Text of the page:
21 Jan 2019

Stoat hunt: Great Barrier Island operation being scaled back

7:24 pm on 21 January 2019

After more than two weeks, the hunt is winding down for elusive stoats on Great Barrier Island after no signs of their presence.

A stoat perched on a log

Stoats would devastate the island's bird life, a council spokesman says. Photo: 123RF

The island had been considered stoat-free until a resident reported seeing a pair of what was believed to be stoats crossing the road at Medlands Beach earlier this month.

Another two sightings are said to have taken place in the weeks since.

The sighting was taken seriously and a multi-agency response team involving Auckland Council's biosecurity team and the Department of Conservation swung into action.

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Gecko is one of Auckland Council's dogs involved in the hunt for stoats on Great Barrier Island. Photo: Supplied / Auckland Council

Two biosecurity dogs were dispatched to the island early in the search but have not been able to confirm the stoats' presence.

In the hope of sighting the unwanted invaders, the search has covered around 300 hectares of farmland, wetland and native bush.

Thirty-four baited traps have been set, three cameras installed, and 11 tracking tunnels laid in the sighting area to capture the suspected intruders.

To date around $9000 excluding staff time has been spent on the hunt; if a presence were to be found the cost to eradicate would be much higher, the council said.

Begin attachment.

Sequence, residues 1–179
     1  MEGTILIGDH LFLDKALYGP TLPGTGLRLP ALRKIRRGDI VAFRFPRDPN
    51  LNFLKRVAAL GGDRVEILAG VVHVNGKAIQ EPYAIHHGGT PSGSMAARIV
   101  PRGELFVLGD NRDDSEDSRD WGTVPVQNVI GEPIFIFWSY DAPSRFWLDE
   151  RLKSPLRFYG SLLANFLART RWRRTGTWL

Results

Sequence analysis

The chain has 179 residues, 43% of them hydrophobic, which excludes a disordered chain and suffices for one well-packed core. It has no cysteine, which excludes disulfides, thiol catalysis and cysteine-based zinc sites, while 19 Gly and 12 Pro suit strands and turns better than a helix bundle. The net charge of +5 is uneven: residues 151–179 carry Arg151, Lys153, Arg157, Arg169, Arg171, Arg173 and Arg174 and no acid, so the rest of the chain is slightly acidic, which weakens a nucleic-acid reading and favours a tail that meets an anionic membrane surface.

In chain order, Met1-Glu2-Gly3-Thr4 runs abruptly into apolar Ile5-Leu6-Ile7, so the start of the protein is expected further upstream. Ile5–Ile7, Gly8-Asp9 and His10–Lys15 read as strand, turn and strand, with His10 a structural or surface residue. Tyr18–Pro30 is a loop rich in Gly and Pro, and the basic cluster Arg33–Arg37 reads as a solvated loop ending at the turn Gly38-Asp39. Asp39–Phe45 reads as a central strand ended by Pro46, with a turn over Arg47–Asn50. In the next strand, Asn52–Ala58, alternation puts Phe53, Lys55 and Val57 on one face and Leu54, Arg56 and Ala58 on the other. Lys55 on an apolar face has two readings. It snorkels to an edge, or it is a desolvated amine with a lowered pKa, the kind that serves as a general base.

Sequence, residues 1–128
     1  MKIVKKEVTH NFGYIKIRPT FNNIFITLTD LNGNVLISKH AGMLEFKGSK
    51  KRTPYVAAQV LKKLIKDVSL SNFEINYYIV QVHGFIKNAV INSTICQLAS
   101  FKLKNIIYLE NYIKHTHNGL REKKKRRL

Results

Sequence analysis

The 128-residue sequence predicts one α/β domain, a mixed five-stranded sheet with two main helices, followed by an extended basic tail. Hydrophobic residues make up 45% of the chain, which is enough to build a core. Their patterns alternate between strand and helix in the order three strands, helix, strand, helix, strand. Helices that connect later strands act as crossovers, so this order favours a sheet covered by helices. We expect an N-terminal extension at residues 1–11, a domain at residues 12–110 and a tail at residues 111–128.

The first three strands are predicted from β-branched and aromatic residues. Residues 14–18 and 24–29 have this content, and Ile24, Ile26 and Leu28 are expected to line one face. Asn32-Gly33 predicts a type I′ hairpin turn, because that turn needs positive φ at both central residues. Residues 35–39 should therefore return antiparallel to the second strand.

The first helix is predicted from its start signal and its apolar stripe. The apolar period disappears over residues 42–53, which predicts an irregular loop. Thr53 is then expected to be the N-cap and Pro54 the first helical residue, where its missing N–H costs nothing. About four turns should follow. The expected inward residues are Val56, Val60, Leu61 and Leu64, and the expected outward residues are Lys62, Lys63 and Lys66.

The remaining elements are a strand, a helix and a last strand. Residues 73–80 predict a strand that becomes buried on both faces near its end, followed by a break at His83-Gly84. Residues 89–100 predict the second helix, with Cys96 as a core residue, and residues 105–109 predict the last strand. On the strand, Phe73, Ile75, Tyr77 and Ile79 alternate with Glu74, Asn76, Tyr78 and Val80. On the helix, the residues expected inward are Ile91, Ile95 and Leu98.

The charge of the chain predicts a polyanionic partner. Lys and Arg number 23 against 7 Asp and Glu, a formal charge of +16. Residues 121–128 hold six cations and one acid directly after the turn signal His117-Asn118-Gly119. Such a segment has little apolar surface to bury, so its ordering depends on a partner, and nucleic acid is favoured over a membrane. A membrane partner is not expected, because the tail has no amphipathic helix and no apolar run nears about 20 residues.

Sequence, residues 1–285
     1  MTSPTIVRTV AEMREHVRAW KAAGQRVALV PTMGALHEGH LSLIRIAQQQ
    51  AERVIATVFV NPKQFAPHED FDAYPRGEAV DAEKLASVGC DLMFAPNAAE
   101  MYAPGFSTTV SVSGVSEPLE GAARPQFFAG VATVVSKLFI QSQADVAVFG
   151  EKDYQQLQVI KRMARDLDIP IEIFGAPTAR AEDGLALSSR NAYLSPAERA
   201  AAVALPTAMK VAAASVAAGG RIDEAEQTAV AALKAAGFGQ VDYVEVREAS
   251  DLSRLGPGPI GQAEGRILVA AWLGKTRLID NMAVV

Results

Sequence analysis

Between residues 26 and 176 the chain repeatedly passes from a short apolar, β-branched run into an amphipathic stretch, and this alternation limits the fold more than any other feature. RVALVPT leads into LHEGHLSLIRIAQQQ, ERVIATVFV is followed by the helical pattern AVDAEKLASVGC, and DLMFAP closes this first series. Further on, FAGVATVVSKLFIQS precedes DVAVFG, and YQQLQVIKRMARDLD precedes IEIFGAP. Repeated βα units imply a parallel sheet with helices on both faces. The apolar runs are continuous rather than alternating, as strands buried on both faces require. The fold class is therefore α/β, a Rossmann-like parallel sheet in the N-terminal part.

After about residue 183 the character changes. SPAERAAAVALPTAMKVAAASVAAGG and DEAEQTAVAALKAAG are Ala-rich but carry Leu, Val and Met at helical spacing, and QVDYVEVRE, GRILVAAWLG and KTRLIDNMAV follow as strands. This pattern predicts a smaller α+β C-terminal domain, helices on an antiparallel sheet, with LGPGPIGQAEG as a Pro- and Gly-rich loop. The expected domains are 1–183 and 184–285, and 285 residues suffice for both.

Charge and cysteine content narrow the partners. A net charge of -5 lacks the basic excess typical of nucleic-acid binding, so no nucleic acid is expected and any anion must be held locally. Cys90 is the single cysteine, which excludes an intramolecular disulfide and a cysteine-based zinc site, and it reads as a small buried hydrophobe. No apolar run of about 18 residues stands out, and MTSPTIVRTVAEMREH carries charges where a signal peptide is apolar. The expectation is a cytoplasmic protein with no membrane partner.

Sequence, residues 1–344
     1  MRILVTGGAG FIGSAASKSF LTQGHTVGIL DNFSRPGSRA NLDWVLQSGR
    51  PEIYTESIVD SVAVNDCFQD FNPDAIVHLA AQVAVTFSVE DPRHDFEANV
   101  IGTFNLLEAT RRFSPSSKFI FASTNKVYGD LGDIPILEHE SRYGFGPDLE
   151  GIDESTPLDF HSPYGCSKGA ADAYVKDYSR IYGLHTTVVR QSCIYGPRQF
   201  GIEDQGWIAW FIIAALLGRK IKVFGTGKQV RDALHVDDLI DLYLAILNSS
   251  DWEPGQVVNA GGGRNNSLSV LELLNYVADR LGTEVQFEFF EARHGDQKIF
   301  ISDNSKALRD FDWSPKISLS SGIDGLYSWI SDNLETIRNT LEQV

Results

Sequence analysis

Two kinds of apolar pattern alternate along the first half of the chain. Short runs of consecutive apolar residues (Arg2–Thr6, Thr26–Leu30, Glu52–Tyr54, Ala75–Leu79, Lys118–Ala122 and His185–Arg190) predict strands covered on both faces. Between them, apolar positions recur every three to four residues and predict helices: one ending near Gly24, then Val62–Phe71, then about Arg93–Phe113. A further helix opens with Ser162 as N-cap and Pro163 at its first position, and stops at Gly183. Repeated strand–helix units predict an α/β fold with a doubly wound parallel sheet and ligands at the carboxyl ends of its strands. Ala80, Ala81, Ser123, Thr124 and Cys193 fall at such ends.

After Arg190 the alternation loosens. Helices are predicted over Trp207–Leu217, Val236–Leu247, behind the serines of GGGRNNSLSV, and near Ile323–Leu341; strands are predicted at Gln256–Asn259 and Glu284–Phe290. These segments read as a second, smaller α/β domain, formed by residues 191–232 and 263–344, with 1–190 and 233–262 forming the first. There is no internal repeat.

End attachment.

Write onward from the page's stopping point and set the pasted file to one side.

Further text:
Auckland Council's regional biosecurity team manager Jonathan Miles told 5 o'clock Report that search efforts will continue, but not as intensively as before.

"We haven't stopped, I want to make that quite clear, but we're into that second phase. The dogs - we don't need a dog out there right now, but again if there's any sightings we will look at what we will do and how we will respond to that."

He said Great Barrier Island has never had the same pests as the mainland - that is, possums, stoats, Norway rats and hedgehogs. As a result, the island's unique local flora and fauna had flourished.

"Stoats are a serious threat and any incursion, while always a possibility, would be devastating to the island's native bird life. Vigilance is key to keeping our islands pest free."

It is still unknown just how the stoats came to be on the island.

"While this is good news and a relief, it's a stark reminder to locals and visitors to the island of the importance of checking gear and goods on their boats and in their cars for stowaways before heading into the gulf," Mr Miles said.

The search for the stoats has been supported by local residents.

Kākāriki or red-crowned parakeet.

Kākāriki or red-crowned parakeet. Photo: Supplied

Trustee Emma Waterhouse said that the island is home to significant populations of endangered bird species, including kākā, brown teal, kākāriki, black petrel and New Zealand dotterel.

Judy Gilbert manages the Windy Hill Trust Sanctuary, which aims to improve and sustain biodiversity on the island. She said that having stoats there would be catastrophic.

"We've got a lot of ground-nesting birds like rail, we have a whole lot of sea birds that are ground nesting as well, so it would be devastating for us. The only good thing to come out of it would be reducing our numbers of rats a bit."

Contact Auckland Council if you spot a stoat

Residents and visitors are urged to contact Auckland Council's biosecurity team on 09 301 0101 if they believe they have seen a stoat.

Tracking will continue for the next three weeks with traps checked weekly instead of daily and if no stoats are detected a review of the operation will be made to determine whether to continue.

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